An InFiction remix version of Queen’s “Radio Gaga” is almost nothing but a bass monster. The TMA-2 HD Wireless headphone provides the punch without distortion or at the expense of the middle and higher frequencies. This is exactly as it should be. 

The downside of the TMA-2 HD Wireless headphone speakers is that they are accurate enough to bring out the good—and bad—in a song.  If your music collection contains mostly low-resolution MP3 files, stay away from this headphone. A less expensive, warmer headphone will serve you better.

Note that the speakers can be removed and replaced with other speakers that sound different if desired. Aiaiai sells them separately. 

Now about that headband. Since the TMA-2 HD Wireless headphone is wireless, all the required electronics have to go somewhere. Every other wireless headphone I’ve reviewed places the electronics in one or both ear cups. Not Aiaiai. The TMA-2 line is modular and adding stuff to the ear cups would become too complicated and not be efficient. So they decided to adapt the headband for wireless. This way, all the other parts to the TMA-2 headphone line need no alterations. Only one part was revised—the headband. Ingenious.

The headband has three unmarked small buttons that require looking at the manual. Each button can perform different tasks depending on what you’re doing. I’m not a fan of learning curves regarding headphones. The buttons are easy to feel so once they are figured out, they become easier to use.

Note that the headband can be replaced with another—wireless or wired—if desired. Aiaiai sells them separately. 

I’m disappointed that Bluetooth is 4.2 instead of the newer 5.0, which has better audio and a greater range. However, the TMA-2 HD Wireless headphone still sounds good, so it’s a minor complaint. Pairing went smoothly and the signal had no dropouts within its range.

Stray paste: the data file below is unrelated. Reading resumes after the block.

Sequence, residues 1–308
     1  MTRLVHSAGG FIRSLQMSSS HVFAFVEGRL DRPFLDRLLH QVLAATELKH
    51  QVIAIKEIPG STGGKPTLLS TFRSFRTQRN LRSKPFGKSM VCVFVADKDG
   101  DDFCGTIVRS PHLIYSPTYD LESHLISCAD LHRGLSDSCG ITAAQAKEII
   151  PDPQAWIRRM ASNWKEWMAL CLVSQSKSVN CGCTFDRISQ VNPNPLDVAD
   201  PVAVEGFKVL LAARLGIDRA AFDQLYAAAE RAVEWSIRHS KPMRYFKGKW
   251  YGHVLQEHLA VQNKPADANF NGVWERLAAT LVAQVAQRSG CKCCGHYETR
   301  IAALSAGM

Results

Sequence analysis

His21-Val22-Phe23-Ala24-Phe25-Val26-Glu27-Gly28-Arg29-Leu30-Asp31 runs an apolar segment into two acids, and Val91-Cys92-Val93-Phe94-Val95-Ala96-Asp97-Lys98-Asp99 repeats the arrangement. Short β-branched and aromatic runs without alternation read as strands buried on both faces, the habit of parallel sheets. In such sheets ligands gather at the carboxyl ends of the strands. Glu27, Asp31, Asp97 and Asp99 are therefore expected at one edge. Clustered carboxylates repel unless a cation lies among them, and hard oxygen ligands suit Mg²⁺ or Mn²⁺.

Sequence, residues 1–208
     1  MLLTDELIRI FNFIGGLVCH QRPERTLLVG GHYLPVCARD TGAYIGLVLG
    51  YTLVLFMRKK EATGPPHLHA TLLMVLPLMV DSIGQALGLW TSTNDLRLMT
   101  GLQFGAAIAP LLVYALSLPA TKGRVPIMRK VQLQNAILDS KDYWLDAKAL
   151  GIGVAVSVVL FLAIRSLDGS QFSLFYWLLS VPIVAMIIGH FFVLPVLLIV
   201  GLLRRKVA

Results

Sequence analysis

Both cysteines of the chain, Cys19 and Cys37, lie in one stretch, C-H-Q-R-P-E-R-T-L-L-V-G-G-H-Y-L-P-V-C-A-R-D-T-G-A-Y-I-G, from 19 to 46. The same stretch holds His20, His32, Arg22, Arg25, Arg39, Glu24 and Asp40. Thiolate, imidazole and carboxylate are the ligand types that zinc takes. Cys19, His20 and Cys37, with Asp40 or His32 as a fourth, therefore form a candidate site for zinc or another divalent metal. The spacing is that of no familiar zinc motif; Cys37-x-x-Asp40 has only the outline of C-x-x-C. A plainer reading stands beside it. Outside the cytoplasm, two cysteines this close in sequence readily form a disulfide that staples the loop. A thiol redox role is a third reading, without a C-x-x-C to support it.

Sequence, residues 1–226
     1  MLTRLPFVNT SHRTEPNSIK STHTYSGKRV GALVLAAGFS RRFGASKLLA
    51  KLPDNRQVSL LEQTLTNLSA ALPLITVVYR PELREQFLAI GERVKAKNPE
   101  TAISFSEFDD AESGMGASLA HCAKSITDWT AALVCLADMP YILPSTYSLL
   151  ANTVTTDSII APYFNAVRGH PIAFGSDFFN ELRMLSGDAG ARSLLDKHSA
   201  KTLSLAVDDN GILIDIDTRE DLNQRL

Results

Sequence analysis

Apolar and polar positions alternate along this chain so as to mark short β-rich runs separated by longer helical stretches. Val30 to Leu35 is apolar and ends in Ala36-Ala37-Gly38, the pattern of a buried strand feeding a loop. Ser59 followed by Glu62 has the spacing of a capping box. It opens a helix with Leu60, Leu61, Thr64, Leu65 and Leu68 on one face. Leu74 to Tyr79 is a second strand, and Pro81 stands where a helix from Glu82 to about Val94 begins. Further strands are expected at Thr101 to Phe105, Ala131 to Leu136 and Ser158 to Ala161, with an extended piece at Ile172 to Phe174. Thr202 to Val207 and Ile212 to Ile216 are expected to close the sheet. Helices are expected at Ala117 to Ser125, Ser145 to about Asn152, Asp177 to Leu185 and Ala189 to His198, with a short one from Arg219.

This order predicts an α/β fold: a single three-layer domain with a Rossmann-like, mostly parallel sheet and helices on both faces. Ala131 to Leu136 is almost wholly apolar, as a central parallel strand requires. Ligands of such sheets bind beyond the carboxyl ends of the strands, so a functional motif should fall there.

I’m also disappointed that Aiaiai neglected to include a case or bag for transporting. At the TMA-2 HD Wireless headphone’s price, it’s a glaring omission.

By placing the wireless stuff into the headband, Aiaiai makes swapping out parts just as easy as always. You can buy or replace other speakers, ear pads or even a wired headband for at-home listening if you wish.

Note: You can literally build your own TMA-2 HD Wireless headphone from scratch if you want. Start here and choose the parts to make the headphone yours.

What I like

  • Minimalist design
  • Modular
  • Punchy sound
  • Accurate bass
  • Extremely comfortable

What I’d change

  • TMA-2 HD version is expensive
  • No case or carrying bag

Final Thoughts

It’s obvious that Aiaiai spends a lot of time on design. The TMA-2 wins on comfort alone. Aiaiai manages to make it look easy which only means how difficult it was to design and produce. However, design means nothing if it isn’t backed up by good sound. The TMA-2 HD Wireless headphone doesn’t just sound good—it sounds great.  

Price: $350 US
Where to buy: Aiaiai and B&H Photo
Source: The sample of this product was provided by Aiaiai.

Support The Gadgeteer: The Gadgeteer’s main sources of revenue are advertising and affiliate links in articles like this one. Even though we may receive compensation, we always give our honest opinions about our experiences with each product.

Leave a Comment

Your email address will not be published. Required fields are marked *